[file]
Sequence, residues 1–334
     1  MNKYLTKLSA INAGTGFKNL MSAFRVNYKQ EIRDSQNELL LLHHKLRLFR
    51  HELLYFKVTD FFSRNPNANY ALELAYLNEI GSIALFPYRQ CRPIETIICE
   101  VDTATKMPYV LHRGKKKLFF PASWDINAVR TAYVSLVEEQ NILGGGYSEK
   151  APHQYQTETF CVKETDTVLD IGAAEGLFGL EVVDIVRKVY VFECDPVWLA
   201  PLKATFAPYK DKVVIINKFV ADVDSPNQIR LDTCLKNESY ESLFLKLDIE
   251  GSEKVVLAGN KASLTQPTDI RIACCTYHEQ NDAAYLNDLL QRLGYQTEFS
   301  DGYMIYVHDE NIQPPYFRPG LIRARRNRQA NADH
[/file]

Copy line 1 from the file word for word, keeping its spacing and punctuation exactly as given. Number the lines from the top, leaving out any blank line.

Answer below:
Sequence, residues 1–334